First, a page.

According to Hans Olav Kvalvaag, SVP Release at Scatec, this is Release by Scatec’s first involvement with powering hydrogen production, and further proves the potential for pre-assembled and containerised solar PV in the mining industry.
This is the first involvement in powering hydrogen production for Scatec as a company, and will be delivered by its scalable power solution, Release. The plant will produce 616kWp of solar energy.
“The agreement is another important milestone for us in delivering reliable and renewable power to the mining industry, but also as a way of powering hydrogen production. The Release model is gaining traction, and with its flexibility both with regards to contract term and capacity, has great potential in mining,” says Kvalvaag continues.
“The new plant will be a model for how to decarbonise hydrogen production in the mining industry for the future. Release by Scatec has great expectations for the project and its potential to be rolled out on a greater scale,” he adds.
Reducing operating costs and carbon emissions
The cost savings for a mining operation to invest in solar power or other forms of renewable energy can be as high as 40%. Regardless of whether the renewable supply consists of only solar or wind power, or solar/wind backed up with battery storage; or whether it is a hybrid system including diesel or gas-driven generators, solar/wind generation and/or battery storage, the cost of operating a mine will be significantly reduced compared to an operation driven solely by fossil fuels.
The initial capital cost of investing in a solar PV solution might be high, but the long-term benefits for a remote mine are substantial. Reducing costs and CO2 emissions are the main drivers, however, other advantages include creating redundancy in the energy supply, and the ability to obtain better reliability of power. Less outages typically do not only impact the cost of power, but more importantly reduces the cost and increases the predictability of their core mining operations.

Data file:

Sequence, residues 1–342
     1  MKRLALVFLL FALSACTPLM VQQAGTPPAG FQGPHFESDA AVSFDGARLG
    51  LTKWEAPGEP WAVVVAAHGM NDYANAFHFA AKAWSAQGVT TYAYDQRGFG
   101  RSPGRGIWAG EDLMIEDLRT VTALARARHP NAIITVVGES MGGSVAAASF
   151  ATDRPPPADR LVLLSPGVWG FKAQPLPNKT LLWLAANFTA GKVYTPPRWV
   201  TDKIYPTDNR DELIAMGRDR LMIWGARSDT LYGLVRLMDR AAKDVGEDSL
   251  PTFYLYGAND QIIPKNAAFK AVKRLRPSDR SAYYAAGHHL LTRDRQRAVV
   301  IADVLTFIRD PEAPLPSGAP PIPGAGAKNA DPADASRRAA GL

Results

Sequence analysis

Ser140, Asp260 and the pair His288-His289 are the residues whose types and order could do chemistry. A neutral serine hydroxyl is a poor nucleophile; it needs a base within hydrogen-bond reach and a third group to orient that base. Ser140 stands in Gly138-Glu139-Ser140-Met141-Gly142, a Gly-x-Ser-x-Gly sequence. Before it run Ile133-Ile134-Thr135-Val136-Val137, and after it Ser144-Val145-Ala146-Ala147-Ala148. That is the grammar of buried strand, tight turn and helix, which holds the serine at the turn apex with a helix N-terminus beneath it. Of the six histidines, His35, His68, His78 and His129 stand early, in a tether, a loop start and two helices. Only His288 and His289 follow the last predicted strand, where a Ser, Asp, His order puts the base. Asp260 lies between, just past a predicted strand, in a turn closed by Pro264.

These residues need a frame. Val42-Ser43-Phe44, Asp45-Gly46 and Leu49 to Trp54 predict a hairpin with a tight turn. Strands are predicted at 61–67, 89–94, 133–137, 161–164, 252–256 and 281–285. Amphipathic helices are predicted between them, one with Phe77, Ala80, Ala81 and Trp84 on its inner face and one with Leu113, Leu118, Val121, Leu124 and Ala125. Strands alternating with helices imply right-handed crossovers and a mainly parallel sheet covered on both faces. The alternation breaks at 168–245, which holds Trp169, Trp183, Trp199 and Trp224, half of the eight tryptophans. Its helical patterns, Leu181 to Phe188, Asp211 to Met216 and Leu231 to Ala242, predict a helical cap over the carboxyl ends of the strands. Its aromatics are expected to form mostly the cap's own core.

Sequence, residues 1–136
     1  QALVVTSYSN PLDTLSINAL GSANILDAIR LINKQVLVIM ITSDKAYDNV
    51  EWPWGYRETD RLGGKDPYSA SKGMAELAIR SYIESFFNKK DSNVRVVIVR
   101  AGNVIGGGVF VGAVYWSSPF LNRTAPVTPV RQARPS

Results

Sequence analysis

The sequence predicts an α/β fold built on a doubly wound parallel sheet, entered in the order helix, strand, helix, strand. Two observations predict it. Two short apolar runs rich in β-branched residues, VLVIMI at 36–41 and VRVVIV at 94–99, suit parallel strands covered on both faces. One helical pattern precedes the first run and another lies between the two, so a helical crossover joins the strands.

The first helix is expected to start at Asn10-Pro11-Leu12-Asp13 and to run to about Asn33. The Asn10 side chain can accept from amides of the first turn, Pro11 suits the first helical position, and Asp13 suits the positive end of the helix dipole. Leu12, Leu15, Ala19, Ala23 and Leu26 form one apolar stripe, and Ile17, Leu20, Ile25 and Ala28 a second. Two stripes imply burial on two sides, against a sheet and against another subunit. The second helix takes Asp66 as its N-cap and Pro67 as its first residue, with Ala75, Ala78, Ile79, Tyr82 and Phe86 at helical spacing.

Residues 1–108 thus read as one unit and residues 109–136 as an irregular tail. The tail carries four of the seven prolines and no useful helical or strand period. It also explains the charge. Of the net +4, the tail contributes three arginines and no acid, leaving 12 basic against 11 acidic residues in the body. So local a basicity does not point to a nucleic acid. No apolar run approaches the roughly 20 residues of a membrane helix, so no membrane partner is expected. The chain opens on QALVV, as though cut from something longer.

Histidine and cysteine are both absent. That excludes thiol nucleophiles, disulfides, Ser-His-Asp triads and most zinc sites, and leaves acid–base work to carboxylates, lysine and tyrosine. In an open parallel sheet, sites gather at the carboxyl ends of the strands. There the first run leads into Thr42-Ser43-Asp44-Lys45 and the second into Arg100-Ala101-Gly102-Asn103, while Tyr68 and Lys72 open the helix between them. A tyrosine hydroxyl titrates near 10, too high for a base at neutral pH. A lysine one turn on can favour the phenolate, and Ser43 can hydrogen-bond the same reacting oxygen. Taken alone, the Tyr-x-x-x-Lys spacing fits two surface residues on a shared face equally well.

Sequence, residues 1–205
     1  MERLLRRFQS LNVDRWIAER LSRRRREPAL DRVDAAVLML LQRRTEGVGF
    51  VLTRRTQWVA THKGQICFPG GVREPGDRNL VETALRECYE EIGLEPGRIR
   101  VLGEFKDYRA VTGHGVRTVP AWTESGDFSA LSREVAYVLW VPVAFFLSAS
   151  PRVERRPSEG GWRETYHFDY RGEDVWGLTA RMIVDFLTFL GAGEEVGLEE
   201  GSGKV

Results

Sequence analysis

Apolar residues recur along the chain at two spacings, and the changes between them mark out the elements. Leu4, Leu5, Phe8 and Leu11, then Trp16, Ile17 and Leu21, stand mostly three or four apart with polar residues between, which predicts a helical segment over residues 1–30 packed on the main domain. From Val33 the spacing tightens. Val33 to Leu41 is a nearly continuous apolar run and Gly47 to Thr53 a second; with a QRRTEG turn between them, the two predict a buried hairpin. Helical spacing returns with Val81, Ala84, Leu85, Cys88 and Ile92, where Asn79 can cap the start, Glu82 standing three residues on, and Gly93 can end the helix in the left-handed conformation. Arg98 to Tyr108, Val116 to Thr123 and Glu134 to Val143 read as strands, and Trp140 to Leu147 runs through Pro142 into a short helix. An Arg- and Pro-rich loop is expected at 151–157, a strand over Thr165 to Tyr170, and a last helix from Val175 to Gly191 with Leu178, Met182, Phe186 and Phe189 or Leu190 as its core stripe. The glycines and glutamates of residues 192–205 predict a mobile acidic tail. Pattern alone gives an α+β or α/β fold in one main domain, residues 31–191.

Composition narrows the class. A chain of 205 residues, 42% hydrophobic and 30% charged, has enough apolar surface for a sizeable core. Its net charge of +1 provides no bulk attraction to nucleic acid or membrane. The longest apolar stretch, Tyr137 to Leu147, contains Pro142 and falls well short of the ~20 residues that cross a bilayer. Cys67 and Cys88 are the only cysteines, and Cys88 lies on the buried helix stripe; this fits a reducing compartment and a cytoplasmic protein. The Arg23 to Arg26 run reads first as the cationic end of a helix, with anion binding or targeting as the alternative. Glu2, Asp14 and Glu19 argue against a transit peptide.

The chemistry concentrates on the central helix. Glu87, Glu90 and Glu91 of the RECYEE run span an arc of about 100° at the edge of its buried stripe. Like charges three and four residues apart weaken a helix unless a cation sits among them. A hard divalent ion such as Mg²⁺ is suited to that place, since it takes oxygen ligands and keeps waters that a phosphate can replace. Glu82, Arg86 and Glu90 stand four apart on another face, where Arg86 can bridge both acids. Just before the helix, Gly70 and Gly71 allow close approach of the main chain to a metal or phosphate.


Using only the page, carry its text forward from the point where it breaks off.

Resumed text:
The big question mark has always been around the ability of solar power to drive the mining operations on its own. To date, that goal has not been achieved, and the system needs to be combined with a battery storage facility and hybridised with other sources of energy. However, installing a good solar PV system could potentially reduce up to 30% to 40% of the mines’ energy load.
Scatec’s Release, for example, was especially designed as a flexible hybrid solution that can easily adapt to any significant changes in the load that the mine might experience because of expansions or closures. Release can quickly be installed, recommissioned, or expanded.
“Solar PV only produces power during the day, and currently the combination of PV and storage would typically off-set 25-40% of the mine load in the cases we are looking at now to be cost efficient. With lower battery storage costs going forward, we foresee that the renewable penetration will increase as we can install higher capacities to replace more of the thermal or alternative power currently being used,” says Kvalvaag.
In the race to provide the African continent with enough energy to kickstart lacklustre economies, the first movers are digging in their heels, and expanding at a rapid pace. The energy space is currently one of the most exciting sectors to follow, and if you are of the betting type, there is no harm in rolling the dice.
Leon Louw is the founder and editor of WhyAfrica. He specialises in natural resources and African affairs.